“You’ve never been shy, ask away.”

“Your memories have all returned, haven’t they?”

“Most of them, yes.  The time immediately following the Long Night is still blurry – I think that’s the Herald’s influence.”  I ladled the stew over heaps of steamed rice and handed a plate to Tarik.

“Then, why haven’t you changed the prefaces in The Tale of Ages?  Some of what you wrote was wrong, particularly with respect to the Herald.  Now that you know better, why don’t you update your work?”

Tarik wasn’t asking anything I hadn’t asked myself.  In fact, I had rewritten the prefaces, several times, but thrown the drafts away.  “I can’t, Tarik.  I tried, but I can’t.”

“Why not?”

“They remind me how I felt just after the Long Night.  When I wrote them, every word was true, or so I believed.  Only now that the Herald’s curse is undone do I see the truth.”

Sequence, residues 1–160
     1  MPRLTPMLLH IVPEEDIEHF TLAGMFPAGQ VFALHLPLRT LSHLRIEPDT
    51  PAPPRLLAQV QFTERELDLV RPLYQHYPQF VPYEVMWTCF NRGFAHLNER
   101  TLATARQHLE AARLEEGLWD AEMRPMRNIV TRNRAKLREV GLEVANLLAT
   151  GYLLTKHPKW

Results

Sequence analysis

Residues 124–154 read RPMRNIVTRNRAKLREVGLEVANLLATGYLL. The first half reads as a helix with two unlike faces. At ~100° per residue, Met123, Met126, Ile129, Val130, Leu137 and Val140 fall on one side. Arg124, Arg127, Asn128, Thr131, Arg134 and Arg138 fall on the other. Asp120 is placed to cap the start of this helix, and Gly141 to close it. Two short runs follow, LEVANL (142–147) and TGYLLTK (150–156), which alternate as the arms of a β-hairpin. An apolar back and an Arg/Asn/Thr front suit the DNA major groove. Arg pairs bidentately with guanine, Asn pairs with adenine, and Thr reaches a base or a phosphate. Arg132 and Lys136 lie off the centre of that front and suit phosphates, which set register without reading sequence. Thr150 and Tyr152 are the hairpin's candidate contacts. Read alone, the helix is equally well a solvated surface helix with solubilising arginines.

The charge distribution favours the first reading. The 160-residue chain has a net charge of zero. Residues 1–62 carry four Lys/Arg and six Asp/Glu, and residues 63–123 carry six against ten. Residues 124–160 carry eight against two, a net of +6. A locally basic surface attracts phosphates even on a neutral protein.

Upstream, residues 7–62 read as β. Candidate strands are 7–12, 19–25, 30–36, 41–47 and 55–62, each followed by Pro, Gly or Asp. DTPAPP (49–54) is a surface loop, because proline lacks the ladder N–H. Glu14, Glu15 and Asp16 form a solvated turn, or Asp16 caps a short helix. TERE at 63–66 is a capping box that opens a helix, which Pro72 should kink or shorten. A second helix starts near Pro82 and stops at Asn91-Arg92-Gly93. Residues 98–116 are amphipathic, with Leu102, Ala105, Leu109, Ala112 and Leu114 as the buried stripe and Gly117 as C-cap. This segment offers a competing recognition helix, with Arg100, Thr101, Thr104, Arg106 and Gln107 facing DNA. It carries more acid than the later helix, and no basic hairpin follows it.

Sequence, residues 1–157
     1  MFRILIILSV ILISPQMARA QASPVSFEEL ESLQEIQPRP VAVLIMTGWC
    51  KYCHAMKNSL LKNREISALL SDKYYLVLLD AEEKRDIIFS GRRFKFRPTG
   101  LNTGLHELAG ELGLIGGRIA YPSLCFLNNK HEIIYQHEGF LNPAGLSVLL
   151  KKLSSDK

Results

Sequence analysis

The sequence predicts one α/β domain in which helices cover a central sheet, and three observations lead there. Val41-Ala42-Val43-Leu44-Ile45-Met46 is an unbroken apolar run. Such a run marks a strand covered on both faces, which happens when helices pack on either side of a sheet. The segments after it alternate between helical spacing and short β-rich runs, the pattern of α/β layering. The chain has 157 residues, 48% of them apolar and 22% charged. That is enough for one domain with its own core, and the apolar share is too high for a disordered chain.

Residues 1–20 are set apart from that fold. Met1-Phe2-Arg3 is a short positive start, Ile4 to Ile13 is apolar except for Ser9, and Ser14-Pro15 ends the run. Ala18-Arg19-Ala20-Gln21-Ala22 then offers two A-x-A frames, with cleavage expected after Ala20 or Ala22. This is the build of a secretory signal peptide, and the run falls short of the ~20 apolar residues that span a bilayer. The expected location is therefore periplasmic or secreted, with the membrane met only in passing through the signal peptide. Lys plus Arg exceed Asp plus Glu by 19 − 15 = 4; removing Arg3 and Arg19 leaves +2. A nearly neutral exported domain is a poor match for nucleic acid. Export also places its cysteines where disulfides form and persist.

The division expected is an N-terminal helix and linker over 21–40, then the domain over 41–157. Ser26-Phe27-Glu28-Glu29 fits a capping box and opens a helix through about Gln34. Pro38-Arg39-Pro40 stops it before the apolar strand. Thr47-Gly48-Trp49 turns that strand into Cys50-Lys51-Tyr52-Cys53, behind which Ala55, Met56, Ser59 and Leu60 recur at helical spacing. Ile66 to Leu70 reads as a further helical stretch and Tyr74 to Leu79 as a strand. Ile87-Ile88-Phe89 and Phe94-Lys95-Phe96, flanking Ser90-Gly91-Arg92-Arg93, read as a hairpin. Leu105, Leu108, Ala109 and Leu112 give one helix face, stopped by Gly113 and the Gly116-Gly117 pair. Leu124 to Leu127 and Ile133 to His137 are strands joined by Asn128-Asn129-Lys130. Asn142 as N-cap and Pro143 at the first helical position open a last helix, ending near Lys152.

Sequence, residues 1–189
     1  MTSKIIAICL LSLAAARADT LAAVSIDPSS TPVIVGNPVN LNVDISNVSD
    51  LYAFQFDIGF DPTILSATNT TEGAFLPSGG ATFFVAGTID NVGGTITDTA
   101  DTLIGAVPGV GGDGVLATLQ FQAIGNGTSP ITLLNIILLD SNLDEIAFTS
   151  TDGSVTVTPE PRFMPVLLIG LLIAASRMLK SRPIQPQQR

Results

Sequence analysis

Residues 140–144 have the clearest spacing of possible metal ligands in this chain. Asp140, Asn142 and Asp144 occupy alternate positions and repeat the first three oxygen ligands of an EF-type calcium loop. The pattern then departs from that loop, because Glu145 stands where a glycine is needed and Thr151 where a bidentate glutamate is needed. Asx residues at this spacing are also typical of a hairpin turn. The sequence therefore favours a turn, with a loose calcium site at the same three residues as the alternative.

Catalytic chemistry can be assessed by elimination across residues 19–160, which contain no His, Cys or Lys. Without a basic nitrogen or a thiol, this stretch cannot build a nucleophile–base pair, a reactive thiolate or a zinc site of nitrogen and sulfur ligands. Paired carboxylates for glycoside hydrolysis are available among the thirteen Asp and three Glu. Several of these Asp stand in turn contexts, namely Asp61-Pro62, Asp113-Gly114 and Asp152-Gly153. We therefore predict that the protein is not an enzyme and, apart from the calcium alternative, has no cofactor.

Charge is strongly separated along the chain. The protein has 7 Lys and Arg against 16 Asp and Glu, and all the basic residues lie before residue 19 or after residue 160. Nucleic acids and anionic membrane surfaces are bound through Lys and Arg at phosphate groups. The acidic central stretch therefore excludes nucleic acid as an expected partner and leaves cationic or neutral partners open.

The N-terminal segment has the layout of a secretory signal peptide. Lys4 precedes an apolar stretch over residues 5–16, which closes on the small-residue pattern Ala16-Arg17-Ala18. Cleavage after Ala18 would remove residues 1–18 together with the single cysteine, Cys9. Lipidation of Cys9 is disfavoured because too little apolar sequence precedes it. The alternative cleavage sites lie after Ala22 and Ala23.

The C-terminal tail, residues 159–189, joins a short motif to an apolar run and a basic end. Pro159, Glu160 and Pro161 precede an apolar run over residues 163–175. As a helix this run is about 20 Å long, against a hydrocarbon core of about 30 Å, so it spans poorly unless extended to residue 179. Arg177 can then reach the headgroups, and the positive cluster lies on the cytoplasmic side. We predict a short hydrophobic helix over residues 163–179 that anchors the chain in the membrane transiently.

“My point exactly,” Tarik said between bites of stew.

I sighed, struggling for the words to explain.  “Have you ever written anything?”

Tarik shook his head.  “Nothing to speak of.  Why?”

“If you had, you might understand.  Whenever I read something I’ve written, I see ways to improve it.  As far as I’m concerned, a book is never done, it simply reaches a point where it’s good enough to share.  One of the greatest challenges a writer faces is to stop tinkering and leave well enough alone, and the prefaces are no different.  I wrote The Tale with the speed of a Grush on saddaka leaves.  When I read the prefaces, I remember how I felt back then.  I could easily change them to reflect the truth as I now know it, but if I did, I’d forget how I felt when the world changed.  I’ve forgotten too much, Tarik.  Thanks to you, much has been restored, but I did forget and I don’t ever want to forget again.  Not anything.  Not ever.”